Regular readers will know that we love our dividends at Simply Wall St, which is why it's exciting to see Smurfit Kappa Group Plc (ISE:SK3) is about to trade ex-dividend in the next three days. The ex-dividend date occurs one day before the record date which is the day on which shareholders need to be on the company's books in order to receive a dividend. The ex-dividend date is important because any transaction on a stock needs to have been settled before the record date in order to be eligible for a dividend. This means that investors who purchase Smurfit Kappa Group's shares on or after the 29th of September will not receive the dividend, which will be paid on the 28th of October.
The company's next dividend payment will be €0.32 per share, and in the last 12 months, the company paid a total of €1.28 per share. Based on the last year's worth of payments, Smurfit Kappa Group stock has a trailing yield of around 4.3% on the current share price of €29.67. Dividends are a major contributor to investment returns for long term holders, but only if the dividend continues to be paid. That's why we should always check whether the dividend payments appear sustainable, and if the company is growing.
Dividends are typically paid out of company income, so if a company pays out more than it earned, its dividend is usually at a higher risk of being cut. Smurfit Kappa Group paid out a comfortable 35% of its profit last year. That said, even highly profitable companies sometimes might not generate enough cash to pay the dividend, which is why we should always check if the dividend is covered by cash flow. Smurfit Kappa Group paid out more free cash flow than it generated - 129%, to be precise - last year, which we think is concerningly high. We're curious about why the company paid out more cash than it generated last year, since this can be one of the early signs that a dividend may be unsustainable.
While Smurfit Kappa Group's dividends were covered by the company's reported profits, cash is somewhat more important, so it's not great to see that the company didn't generate enough cash to pay its dividend. Cash is king, as they say, and were Smurfit Kappa Group to repeatedly pay dividends that aren't well covered by cashflow, we would consider this a warning sign.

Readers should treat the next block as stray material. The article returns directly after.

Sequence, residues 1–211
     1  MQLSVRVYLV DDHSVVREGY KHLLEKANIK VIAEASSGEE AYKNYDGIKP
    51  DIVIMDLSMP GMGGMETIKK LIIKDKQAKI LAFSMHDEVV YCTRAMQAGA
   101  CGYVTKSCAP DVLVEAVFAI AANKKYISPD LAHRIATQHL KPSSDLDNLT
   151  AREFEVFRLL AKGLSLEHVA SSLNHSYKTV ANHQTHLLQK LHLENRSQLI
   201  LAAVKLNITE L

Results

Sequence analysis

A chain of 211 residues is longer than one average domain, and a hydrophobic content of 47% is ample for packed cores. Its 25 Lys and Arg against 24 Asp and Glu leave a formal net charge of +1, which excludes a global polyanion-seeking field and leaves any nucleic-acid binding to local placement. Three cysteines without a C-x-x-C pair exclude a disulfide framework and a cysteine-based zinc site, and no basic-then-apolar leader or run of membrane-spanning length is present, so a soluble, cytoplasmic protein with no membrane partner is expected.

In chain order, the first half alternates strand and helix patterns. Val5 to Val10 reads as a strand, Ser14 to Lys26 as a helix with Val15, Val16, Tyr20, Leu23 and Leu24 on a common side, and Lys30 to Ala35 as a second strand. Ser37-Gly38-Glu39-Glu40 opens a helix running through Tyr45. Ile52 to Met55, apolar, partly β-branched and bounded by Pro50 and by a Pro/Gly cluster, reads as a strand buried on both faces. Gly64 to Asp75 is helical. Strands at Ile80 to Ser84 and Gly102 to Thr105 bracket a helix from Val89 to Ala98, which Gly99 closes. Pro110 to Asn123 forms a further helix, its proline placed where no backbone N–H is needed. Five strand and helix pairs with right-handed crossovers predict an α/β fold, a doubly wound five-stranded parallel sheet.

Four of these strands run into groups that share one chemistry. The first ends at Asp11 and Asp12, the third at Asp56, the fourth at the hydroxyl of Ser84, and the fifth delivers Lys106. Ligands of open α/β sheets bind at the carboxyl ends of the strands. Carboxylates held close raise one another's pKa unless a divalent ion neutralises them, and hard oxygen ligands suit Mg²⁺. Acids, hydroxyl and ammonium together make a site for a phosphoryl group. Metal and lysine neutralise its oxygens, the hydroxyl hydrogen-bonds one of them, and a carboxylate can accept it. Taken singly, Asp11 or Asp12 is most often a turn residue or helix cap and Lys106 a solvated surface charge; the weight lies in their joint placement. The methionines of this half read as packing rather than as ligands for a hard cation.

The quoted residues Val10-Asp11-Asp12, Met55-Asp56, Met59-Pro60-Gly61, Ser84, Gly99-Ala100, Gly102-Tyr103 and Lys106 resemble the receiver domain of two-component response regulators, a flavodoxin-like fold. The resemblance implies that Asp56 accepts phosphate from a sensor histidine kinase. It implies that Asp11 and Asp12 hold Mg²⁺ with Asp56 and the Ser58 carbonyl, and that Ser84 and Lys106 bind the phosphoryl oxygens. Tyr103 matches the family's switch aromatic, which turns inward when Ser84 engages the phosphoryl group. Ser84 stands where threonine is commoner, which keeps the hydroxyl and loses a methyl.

Have Earnings And Dividends Been Growing?
Companies with consistently growing earnings per share generally make the best dividend stocks, as they usually find it easier to grow dividends per share. If business enters a downturn and the dividend is cut, the company could see its value fall precipitously. For this reason, we're glad to see Smurfit Kappa Group's earnings per share have risen 14% per annum over the last five years. Earnings have been growing at a decent rate, but we're concerned dividend payments consumed most of the company's cash flow over the past year.
Another key way to measure a company's dividend prospects is by measuring its historical rate of dividend growth. Smurfit Kappa Group has delivered 24% dividend growth per year on average over the past 10 years. Both per-share earnings and dividends have both been growing rapidly in recent times, which is great to see.
To Sum It Up
From a dividend perspective, should investors buy or avoid Smurfit Kappa Group? We like that Smurfit Kappa Group has been successfully growing its earnings per share at a nice rate and reinvesting most of its profits in the business. However, we note the high cashflow payout ratio with some concern. Overall, it's hard to get excited about Smurfit Kappa Group from a dividend perspective.
While it's tempting to invest in Smurfit Kappa Group for the dividends alone, you should always be mindful of the risks involved. For example, Smurfit Kappa Group has 3 warning signs (and 1 which doesn't sit too well with us) we think you should know about.
A common investing mistake is buying the first interesting stock you see. Here you can find a full list of high-yield dividend stocks.
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This article by Simply Wall St is general in nature. We provide commentary based on historical data and analyst forecasts only using an unbiased methodology and our articles are not intended to be financial advice. It does not constitute a recommendation to buy or sell any stock, and does not take account of your objectives, or your financial situation. We aim to bring you long-term focused analysis driven by fundamental data. Note that our analysis may not factor in the latest price-sensitive company announcements or qualitative material. Simply Wall St has no position in any stocks mentioned.
Smurfit Kappa Group
Smurfit Kappa Group plc, together with its subsidiaries, manufactures, distributes, and sells paper-based packaging products.
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Undervalued with solid track record.